COSTA RICA: THE BIRDS, PART 1

Costa Rica is a veritable treasure trove of biodiversity and this nature cornucopia is the home to more than 913  bird species.  Despite the rain I was able to capture photos of over two dozen of these beautiful flyers.  In this post I would like to share some of the newcomers to my bird knowledge so let me start with the top photo.

SUN BITTERN – Most field guides picture the sunbittern with its wings unfurled, looking like a small heron:

 

However, when the sun bittern spreads it wings, either as an intimidation display or when it feels threatened, an intricate wing design that resembles large eyes  is exposed as you can see in the top photo as well as these:

 

I caught sight of this bird while we were on the rainforest tram, initially just seeing it fly by,  I turned backward to see where it went and I noticed something sitting on the ground, far, far below.

I had only seconds to use my zoom lens for a closer shot as the tram was moving away from the area  and fortunately caught the above closeups.

Fun Fact:  Sun bitterns are known to use “tools” such as bits of vegetation as bait to lure prey to within striking distance.

TROGON –   I learned a long time ago to have my camera with me whenever I go for a hike as you never know what may come your way.  Early one morning before breakfast I decided to go on a short walk along the winding grounds of our Tortuguero villa  (more on this stunning place in a later post)

Sure enough within minutes I started to see all kinds of birds, including this

There are 10 species of trogon in Costa Rica, and I can’t quite identify which one this is as I have only the back view, although my guess it is a “Baird’s Trogon.”  This trogon, however has a very famous cousin which is considered by some to be the most beautiful bird in the world. Here is a  photo from the internet so you can judge the Quetzal for yourself:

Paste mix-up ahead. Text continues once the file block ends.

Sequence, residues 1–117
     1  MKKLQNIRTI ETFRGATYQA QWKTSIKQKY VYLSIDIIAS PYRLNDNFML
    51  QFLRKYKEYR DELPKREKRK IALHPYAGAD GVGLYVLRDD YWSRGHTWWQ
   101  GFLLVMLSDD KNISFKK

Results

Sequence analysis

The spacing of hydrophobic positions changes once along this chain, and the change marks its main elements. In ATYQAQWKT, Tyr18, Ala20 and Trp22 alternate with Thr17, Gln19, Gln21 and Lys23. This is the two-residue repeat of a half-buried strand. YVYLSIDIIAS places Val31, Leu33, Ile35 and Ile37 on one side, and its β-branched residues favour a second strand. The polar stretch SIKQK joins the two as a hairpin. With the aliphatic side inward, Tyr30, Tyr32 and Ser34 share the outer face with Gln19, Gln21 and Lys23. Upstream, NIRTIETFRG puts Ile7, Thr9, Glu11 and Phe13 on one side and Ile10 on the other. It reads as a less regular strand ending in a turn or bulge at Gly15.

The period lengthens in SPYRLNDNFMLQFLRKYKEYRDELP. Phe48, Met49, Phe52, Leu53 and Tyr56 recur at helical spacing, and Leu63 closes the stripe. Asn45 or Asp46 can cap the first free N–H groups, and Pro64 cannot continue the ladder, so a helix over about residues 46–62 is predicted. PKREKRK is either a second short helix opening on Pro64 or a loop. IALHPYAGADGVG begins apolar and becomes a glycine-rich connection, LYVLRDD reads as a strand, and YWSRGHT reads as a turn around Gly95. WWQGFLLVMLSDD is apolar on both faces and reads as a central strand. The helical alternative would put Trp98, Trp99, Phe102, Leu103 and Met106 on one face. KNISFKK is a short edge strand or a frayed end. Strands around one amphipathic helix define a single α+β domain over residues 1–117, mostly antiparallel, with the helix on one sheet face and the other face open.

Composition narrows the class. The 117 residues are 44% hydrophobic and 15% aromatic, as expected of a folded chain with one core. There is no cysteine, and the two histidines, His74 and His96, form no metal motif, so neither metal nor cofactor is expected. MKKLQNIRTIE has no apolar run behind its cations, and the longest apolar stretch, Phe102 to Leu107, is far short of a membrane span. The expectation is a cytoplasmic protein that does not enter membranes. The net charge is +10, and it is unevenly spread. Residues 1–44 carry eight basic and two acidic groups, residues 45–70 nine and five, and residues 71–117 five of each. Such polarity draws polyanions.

Fun Fact:  The name “Trogon” is derived from the Greek word for “gnawing” or “nibbling”.  They use their bills to cut out holes in branches, etc for nesting.

MONTEZUMA OROPENDOLA – I may not have been lucky enough to photograph a quetzal, but this spectacularly colored (and named)  “blackbird” can give it a run for its money.  Its name commemorates the famous Aztec emperor.  It lives in large colonies with one male dominating other males  giving him the right to mate with all the females.

Fun Fact –   This bird has a very distinctive song used while courting – it is likened to a gurgle or a bubbling sound and is accompanied by bows and spread wings.  Although it is successful at attracting females, to me it looks like the bird ate a bad worm and is hurling – what do you think?

 

JACANA – This is a wading bird  that is found along the banks  of waterway canals as  well as marshes with dense vegetation making them difficult to spot, so the fact that I was able to photograph one was a special treat.

Fun Fact – These birds are also know as “Lily Trotters,” as their long, thin legs and extremely long, thin, widespread toes and talons spread out their weight so the jacanas can balance on and walk across the surface of fragile lilies and other aquatic vegetation.

More to come…

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